Calvin Newborn New Born Yellow Dog Records
The name Newborn is synonymous with Memphis just as Presley or King or Hayes is. The Patriarch Phineas (Finas) had two sons, Phineas and Calvin. The first made the piano his instrument of choice, the second took to playing the guitar. In sum they were one of the leading families of jazz in Memphis. Music took the brothers to New York. On his return to Memphis, Calvin found that the musical landscape had changed. He made the best of the situation, earning a degree, teaching, writing plays and recording a couple of albums. The last was more of an addendum to a career than the pivot. That could well change with the release of New Born and the national distribution of UpCity which Newborn had released in 1998 on his label, Omnifarious.
Newborn's washes many of his compositions in different shades of the blues. When he goes beyond that, he dwells on the harmonies of jazz, lets funk waft across, and adds that unique air called the Memphis Sound. It is a blend that beckons without reservation. A loquacious player, he can shift mood with edgy notes that cut a deep swath or turn in some ripe, juicy ones that flesh the progression. This is seen to advantage on the late night groove of "After Hours Blues" which Newborn escorts with a cutting edge as Charlie Wood's organ primes the base. Newman shifts time and space, notes dancing on a lonely highway. The mood is enhanced by exclamations from Wood and the rhythmic impetus of Renardo Ward on drums. Newborn lends an incipient beauty to "Lush Life", his notes breathing in the arms of imaginative chords. The bright snap of "When Kingdom Comes/ Sho' Nuff" is lit by Newborn, the spark radiated by the big, bold colors of Scott Thompson on trumpet and then the supple saxophone of Herman Green coming in to complete the capture.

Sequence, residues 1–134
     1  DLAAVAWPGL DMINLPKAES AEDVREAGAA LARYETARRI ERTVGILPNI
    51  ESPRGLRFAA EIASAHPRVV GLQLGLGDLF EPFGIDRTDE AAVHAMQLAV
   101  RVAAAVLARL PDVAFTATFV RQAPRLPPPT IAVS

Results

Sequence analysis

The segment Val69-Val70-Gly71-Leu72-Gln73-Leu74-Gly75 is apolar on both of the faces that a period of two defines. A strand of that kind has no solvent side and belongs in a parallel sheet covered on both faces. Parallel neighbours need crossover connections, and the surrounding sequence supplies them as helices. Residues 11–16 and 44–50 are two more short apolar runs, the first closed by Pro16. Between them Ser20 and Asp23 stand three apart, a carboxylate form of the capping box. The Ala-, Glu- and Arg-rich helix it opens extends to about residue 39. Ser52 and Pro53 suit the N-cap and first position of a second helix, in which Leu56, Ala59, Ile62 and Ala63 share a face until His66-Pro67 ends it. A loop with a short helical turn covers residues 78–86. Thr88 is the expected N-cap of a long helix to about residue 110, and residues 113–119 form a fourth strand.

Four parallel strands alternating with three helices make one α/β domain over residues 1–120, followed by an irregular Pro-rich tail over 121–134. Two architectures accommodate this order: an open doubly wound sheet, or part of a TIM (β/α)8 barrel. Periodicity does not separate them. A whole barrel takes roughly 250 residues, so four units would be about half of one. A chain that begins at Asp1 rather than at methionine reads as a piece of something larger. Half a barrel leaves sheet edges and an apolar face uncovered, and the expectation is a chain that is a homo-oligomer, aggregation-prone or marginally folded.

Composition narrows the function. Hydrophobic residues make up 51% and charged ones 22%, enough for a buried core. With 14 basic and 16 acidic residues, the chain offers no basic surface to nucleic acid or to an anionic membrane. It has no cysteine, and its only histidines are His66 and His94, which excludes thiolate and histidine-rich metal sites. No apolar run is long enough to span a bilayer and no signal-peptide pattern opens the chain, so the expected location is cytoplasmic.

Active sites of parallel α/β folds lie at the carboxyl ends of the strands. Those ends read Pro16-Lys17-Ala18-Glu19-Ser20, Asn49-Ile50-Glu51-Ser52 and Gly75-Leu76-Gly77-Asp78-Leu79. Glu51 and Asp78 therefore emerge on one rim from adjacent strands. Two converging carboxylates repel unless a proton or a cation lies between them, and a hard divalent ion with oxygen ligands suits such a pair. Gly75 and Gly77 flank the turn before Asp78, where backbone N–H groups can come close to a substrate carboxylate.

Yellow Dog Records
The music on UpCity was recorded at two sessions, in New York and in Memphis. The former was comprised of a quintet with Tony Reedus, Charles Thomas, Bill Easley, Bill Mobley and Jamil Nasser with Newborn, the latter had Tony Thomas and Tom Lonardo. One of the most captivating tunes comes in the form of his "Visions". Newborn works the melody with finesse, playing it to its deepest felt, turning the groove to swing and then changing the tack with chunky, propulsive chords to cue in Thomas, who funks and shunts on the B-3, and Lonardo who feeds the pulse with a forge of rhythmic energy. The quintet kicks out the jams when "Rhythm Makes the Heart Grow Fonder". This one pounds along to the bass kick of Reedus, as Easley lays it on the line with his tenor, Newborn turns in some flatted notes and those that sit up and sing and Charles Thomas completes the snare on a snap-happy piano. And what a piece of Memphis blended funk "A Piece of the Pie" turns out to be! Easley on tenor sax and Mobley on trumpet jut in and spike Newborn's delightfully melodic play. Easley comes back to lay bold splashes, Newborn adds some vibrant hues and Mobley swipes in with quick shrapnel that he balances with supple lines.
It's nice having Calvin Newborn back.
Track listing: When Kingdom Comes/Sho' Nuff; The Streetwalker's Stroll; Newborn Blues; Spirit Trane/Omnifarious; Lush Life; Restorations; After Hours Blues; Blues & Beyond
Personnel: Calvin Newborn-guitar; Donald Brown-piano; Charlie Wood-organ; London Branch-bass; Renardo Ward-drums; Herman Green-sax/ flute; Scott Thompson-trumpet; Ekpe Obioto-talking drums
Track listing: UpCity; Them New Blues; Song for Basie; Vision; Rhythm Makes the Heart Grow Stronger; Seventh Heaven; A Piece of the Pie; Newborn Blues; Ubiquity; Going Home
Personnel: Calvin Newborn-guitar; Tony Reedus-drums; Tony Thomas-organ; Tom Lonardo-drums; Charles Thomas-piano; Jamil Nasser-contra bass; Bill Easley-tenor sax, flute; Bill Mobley-trumpet, flugelhorn, arranger